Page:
Generalized anxiety involves ongoing and excessive worry about everyday events or activities occurring within an extended period of time, and is out of proportion to those events or activities. Children and youth with generalized anxiety disorder are typically very self-conscious; feel tense, and have a strong need for reassurance. Symptoms can include:
- muscle tension
- shortness of breath
- fast heartbeat
- dry mouth
- loss of sleep
- not being able to concentrate
Individuals are typically diagnosed with generalized anxiety when feelings of excessive anxiety and worry, about several events and activities, are present for the majority of days of a 6 month period. Individuals find it difficult to control the feelings of anxiety and worry and experience additional physical symptoms, which may include restlessness, fatigue, concentration difficulties, irritability, muscle tension, and/or sleep disturbances (Stein, 2004). These symptoms interfere with an individuals’ ability to work, engage in social activities, and other important areas of their life (e.g., family, hobbies). The physician, psychiatrist or psychologist also needs to rule out other conditions that may be causing the symptoms of anxiety (e.g., substance abuse, another mental health diagnosis).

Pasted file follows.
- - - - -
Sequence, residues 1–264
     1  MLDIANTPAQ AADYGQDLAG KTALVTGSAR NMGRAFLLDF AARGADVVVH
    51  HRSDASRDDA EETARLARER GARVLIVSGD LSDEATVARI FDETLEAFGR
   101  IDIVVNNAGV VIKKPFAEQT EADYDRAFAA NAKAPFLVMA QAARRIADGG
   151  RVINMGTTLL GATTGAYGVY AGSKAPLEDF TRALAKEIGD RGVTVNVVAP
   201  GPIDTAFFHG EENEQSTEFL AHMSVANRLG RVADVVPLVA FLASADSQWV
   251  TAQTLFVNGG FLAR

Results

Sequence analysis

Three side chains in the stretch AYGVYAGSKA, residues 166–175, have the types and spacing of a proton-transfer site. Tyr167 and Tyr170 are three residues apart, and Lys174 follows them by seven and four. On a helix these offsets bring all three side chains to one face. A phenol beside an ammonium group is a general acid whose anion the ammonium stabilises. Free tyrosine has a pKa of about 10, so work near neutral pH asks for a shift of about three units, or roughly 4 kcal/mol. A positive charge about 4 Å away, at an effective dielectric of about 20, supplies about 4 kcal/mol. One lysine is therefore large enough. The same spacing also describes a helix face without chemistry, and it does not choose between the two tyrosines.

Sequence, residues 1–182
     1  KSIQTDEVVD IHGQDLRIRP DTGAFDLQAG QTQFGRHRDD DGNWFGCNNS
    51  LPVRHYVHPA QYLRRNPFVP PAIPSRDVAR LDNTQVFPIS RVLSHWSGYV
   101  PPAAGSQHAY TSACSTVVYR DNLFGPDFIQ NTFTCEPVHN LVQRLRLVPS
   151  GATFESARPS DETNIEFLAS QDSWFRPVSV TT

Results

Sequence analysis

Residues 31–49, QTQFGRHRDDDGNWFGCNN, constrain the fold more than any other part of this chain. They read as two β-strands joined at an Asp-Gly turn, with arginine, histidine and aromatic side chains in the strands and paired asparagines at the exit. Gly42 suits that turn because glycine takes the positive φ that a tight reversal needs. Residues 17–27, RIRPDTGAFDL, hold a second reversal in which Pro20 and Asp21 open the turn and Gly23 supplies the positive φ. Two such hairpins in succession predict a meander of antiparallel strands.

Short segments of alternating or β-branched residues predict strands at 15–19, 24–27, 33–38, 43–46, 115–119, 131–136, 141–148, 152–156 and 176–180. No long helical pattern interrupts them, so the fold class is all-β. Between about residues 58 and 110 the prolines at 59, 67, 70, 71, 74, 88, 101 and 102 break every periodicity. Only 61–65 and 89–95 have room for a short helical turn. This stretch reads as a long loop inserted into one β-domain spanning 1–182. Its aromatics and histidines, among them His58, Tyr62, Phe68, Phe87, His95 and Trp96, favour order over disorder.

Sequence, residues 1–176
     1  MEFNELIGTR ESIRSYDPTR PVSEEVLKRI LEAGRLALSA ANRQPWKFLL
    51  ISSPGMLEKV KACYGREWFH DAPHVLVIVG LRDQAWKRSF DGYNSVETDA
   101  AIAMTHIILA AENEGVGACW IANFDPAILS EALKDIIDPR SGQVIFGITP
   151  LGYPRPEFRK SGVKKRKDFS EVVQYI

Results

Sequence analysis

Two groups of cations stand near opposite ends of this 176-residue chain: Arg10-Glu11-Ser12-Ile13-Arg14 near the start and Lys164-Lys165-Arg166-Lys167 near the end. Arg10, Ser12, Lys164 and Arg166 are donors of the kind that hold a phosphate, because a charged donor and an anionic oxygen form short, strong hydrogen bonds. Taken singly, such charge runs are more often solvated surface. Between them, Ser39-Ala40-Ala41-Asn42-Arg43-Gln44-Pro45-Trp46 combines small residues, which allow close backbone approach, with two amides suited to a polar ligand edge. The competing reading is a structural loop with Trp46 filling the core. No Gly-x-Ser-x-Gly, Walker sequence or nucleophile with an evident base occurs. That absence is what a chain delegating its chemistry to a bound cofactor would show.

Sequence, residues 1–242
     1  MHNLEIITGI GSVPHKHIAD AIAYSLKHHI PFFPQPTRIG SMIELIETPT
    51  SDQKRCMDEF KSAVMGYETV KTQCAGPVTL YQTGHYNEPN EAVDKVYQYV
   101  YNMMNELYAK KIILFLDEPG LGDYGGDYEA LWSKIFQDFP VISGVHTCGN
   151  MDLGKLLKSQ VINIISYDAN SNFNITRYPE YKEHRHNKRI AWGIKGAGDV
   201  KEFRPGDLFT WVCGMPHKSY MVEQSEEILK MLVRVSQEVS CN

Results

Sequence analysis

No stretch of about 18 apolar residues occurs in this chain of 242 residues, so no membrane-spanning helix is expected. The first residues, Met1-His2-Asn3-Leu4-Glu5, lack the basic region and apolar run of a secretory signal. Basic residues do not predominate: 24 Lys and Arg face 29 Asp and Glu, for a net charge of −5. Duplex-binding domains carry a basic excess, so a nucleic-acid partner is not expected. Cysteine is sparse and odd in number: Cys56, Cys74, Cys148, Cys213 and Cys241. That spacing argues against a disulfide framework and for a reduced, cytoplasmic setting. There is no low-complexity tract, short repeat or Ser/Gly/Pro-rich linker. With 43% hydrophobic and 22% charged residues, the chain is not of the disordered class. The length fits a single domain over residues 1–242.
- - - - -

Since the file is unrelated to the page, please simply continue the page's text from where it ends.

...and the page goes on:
Stein, D. (Ed.) (2004). Clinical manual of anxiety disorders. Washington: American Psychiatric Publishing, Inc.